Saying "well that team wanted to win so they deserve it" well no shit, every team wants to win! Even bottom-feeding Philadelphia wants to win. Why are they tanking in the first place? Because they hate winning? Nope.
Because they hate their fans? Perhaps, but not quite.
Because they think that accumulating assets and high draft picks will eventually lead to winning? Bingo!
You will never fully eliminate tanking (which I'm taking a liberty here and taking to mean "exploiting loopholes in the system") because to some, that IS good management. Let's say you're a GM and your predecessor was some smooth talking guy, let's call him Ryan Colangelo, for argument's sake, you get a heap of bad contracts and players who don't play well/ are past their prime as your first GM assignment and your owner says, make us start winning in 3-5 years. Not everyone is a super whiz kid like Masai who is able to make trades that make both teams better now and in the future. So you settle for the strategy of asset accumulation. Selling your prime assets for future assets, and while this causes a considerable ammount of losing NOW, lo and behold in 3-5 years you're Oklahoma City!
What's the best way to cure tanking? Who knows? But is it bad management? Are these tanking GMs against winning? No.
Last edited by e_wheazhy_; Mon Mar 3rd, 2014 at 04:38 PM.
A key that opens many locks is a master key, but a lock that gets open by many keys is just a shitty lock
Also, the system can be gamed. Sit out your players with "injuries" early and the play them later in the year. It might also have the perverse effect of encouraging a team to try to lose more, faster just to get the clock started earlier.
The best idea I have seen is the "wheel". Every 30 years you get the #1 pick. Every 5 years you'd get a top 6 pick and a top 12 pick every four years. There would be absolutely no way to game the system and absolutely no incentive to ever try and tank.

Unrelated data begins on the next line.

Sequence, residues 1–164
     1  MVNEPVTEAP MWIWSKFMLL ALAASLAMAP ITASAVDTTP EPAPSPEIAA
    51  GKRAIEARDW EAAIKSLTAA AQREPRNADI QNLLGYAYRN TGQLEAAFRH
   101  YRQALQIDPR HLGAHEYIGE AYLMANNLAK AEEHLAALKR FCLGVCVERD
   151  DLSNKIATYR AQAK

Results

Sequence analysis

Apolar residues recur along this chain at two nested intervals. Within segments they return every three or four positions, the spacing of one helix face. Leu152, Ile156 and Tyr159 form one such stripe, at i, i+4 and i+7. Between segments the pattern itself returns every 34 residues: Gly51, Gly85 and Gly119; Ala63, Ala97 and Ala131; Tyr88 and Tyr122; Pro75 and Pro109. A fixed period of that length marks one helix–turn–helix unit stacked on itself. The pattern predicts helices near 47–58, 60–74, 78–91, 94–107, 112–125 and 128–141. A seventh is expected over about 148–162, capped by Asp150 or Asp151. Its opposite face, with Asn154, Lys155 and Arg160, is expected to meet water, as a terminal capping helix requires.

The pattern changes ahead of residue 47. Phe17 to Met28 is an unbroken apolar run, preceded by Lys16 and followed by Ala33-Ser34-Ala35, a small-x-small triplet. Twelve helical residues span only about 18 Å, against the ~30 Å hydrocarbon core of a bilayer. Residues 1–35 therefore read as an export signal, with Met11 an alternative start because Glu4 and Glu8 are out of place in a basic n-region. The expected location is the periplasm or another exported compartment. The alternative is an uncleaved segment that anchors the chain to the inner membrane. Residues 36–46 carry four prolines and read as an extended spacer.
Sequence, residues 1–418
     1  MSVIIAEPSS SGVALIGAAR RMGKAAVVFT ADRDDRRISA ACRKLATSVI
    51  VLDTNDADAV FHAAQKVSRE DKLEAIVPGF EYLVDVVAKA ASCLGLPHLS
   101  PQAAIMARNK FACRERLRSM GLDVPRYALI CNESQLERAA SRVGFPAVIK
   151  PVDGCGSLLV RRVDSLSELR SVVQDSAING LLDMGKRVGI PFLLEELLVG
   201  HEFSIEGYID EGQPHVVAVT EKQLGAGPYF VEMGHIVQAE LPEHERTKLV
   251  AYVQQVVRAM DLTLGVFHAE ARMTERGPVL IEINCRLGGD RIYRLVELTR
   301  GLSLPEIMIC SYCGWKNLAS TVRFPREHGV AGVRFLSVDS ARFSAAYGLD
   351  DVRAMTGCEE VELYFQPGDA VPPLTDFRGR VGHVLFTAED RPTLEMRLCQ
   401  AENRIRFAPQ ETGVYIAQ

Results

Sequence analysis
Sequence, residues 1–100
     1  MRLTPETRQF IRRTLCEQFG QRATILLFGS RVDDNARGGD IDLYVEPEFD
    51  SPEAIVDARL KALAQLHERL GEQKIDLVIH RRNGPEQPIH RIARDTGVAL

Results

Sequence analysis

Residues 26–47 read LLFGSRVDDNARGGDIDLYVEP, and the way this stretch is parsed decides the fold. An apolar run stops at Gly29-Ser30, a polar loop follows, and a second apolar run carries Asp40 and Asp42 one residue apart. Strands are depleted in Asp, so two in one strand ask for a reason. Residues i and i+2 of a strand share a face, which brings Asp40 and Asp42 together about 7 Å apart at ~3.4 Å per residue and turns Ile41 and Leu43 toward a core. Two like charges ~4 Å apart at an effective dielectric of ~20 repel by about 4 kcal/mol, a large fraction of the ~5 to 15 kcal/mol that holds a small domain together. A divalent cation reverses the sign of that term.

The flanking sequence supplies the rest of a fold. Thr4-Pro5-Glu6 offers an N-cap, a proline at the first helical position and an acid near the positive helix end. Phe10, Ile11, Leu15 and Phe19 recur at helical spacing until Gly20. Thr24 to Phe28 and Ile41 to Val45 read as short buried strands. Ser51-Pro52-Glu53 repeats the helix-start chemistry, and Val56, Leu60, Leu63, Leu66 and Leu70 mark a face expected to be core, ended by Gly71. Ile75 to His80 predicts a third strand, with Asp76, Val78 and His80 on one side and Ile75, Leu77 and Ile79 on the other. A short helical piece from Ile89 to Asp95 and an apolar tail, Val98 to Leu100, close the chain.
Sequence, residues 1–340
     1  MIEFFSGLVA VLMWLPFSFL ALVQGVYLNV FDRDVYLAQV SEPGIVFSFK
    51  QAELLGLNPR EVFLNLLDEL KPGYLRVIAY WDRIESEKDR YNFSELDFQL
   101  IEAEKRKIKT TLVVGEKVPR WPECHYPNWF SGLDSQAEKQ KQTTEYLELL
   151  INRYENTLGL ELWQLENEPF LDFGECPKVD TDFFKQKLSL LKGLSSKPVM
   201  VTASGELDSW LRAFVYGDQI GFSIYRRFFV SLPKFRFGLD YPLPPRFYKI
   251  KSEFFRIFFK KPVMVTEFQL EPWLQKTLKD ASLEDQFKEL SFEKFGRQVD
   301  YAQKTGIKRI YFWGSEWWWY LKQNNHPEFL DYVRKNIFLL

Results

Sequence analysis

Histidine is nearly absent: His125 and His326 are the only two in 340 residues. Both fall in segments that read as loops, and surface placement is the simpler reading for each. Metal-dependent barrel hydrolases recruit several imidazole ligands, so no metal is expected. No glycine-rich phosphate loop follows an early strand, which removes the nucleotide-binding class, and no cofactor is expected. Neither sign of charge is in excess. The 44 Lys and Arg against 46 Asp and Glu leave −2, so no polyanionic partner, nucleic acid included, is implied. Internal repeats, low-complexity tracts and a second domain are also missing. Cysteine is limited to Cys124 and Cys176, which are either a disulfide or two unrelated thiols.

At first I thought "the wheel" was stupid but I actually love the idea now.
I also have no problem with tanking. Good, necessary tanking is good management. That is what the league has now, and I am more than OK with leaving the draft as it is now. The point of this thread, once again, is how best to prevent tanking if the league decides to do so.
You are incorrect about the draft lottery. Its point is NOT to even out the competitive balance of the league. The lottery is there to do what the whole point of this thread was about. That is, to make tanking a bit less of a sure fire reward. The draft itself, with teams picking in reverse order of success is what attempts to even out competitive balance.
My original point was, if the league truly wanted to stop tanking, while still trying to maintain competitive balance to some extent, teams that failed to make the playoffs should have an equal opportunity for the 1st few picks at least. The winners in this system would be teams that actually tried, but failed, to make the playoffs. The wheel would just make the rich richer. Large market desirable location teams already have a huge advantage as it is. Rich winners having the same chances at cheap elite talent as the Bucks just seems wrong to me.
On mike and mike I heard one of the mikes say the picks should start from the team closest to making the playoffs but didn't make it in and have the draft order work down from there. Thoughts?